18) If there is no moral foundation for a system of laws, then the law is reduced to “These are the rules. They’re the rules because I say so, and I control all of the guys with guns.” We can ask those who survived Pol Pot, Stalin, or Mao how that worked out. (Hitler’s Nazism was not state atheism; it was filled with the occult. Anyone who watches Leni Riefenstahl‘s “Triumph of the Will“ and doesn’t see religion is willfully blind.)

So the law is either codification of morality or it is thuggery. The real argument is about which moral code will be implemented by the law. To claim to reject a moral underpinning for the law is either a wish to live in a place where the law is whatever one guy says it is today, or else it is a disingenuous attempt to substitute your own moral code for the one that has already been codified. — Beregond

17) When the private sector fails, the solution is more government. When the government fails, the solution is more government. — Glenn Reynolds

16) We’re on the brink of a world in which the wealthiest nations, from Canada to Norway to Japan, can barely project meaningful force to their own borders while the nickel ‘n’ dime basket-cases go nuclear. — Mark Steyn

15) It is not enough for the insecure left to deem a position wrong; if it’s merely wrong, it needs to be argued about, and it can’t survive that. It must instead be morally aborrent, so that the zealot reacts to the toxin of questioning much like a jogger coming across a decomposing body on the side of the road — it must be internalized that the correct response to such a horror is to retch, and faint, and call the authorities post-haste.

This is how the leftist faith protects itself from the infection of doubt. (Meanwhile, of course, patting itself on the back for being so open-minded…) — Ace

14) The biggest political change in my lifetime is that Americans no longer assume that their children will have it better than they did. This is a huge break with the past, with assumptions and traditions that shaped us. — Peggy Noonan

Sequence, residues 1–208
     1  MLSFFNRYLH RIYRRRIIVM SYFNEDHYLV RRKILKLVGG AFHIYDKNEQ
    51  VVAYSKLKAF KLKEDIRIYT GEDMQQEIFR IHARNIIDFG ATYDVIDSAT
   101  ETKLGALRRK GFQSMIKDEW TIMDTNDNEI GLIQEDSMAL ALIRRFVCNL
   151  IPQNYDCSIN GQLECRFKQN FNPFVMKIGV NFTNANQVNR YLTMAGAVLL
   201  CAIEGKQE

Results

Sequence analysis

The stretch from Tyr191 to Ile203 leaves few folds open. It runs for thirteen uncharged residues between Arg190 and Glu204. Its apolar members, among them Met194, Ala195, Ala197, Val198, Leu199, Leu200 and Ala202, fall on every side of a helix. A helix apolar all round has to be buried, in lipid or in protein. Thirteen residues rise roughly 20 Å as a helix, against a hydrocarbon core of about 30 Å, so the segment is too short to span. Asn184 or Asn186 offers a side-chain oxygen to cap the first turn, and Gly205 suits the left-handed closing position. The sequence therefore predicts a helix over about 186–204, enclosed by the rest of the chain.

13) One of the big failings of liberalism – and by “big,” I mean this isn’t just a turn-off to dedicated conservatives, I think it creeps out most middle-of-the-road people – is that liberals are very quick to abandon any discussion of whether their programs are effective, ineffective, or possibly damaging. They don’t stick with this analysis very long at all. They’re constantly distracted by something else. And the “something else” is almost always some tantalizing inspection of some ideological opponent’s unworthiness. — Morgan Freeberg

12) Ground Zero Mosque supporters: doesn’t it stab you in the heart, as it does ours throughout the heartland? Peaceful Muslims, pls refudiate. — Sarah Palin

11) President Obama said he is going to use the Gulf disaster to push a new energy bill through Congress. How about using the Gulf disaster to fix the Gulf disaster? — Jay Leno

10) The feminists of the sixties are the least feminine women I know. — Lisa Mei Norton

9) What’s wrong with “the new elite?” Forget cultural insularity or smugness. The main problem with the “new elite” is that they’re not an elite at all. That is, they aren’t particularly smart, or competent. — Glenn Reynolds

8) I imagine that thrill is maybe not quite so tingly on your leg anymore. — Michele Bachmann to Chris Matthews

7) The tea party saved the Republican Party. In a broad sense, the tea party rescued it from being the fat, unhappy, querulous creature it had become, a party that didn’t remember anymore why it existed, or what its historical purpose was. The tea party, with its energy and earnestness, restored the GOP to itself. — Peggy Noonan

6) Quite frankly, I’m exhausted. Exhausted of defending you, defending your administration, defending the man for change I voted for, and deeply disappointed with where we are right now. — Velma Hart to Barack Obama

5) Experience trumps brilliance. — Thomas Sowell

4) Trust me. I’m going to make sure this healthcare bill is never, ever, ever implemented. — John Boehner

3) I am showering, naked as a jaybird, and here comes Rahm Emanuel, not even with a towel wrapped around his tush, poking his finger in my chest, yelling at me. — Eric Massa

2) It’s not the ‘Kennedy Seat. It’s the people’s seat. — Scott Brown

1) If you touch my junk, I’m going to have you arrested. — John Tyner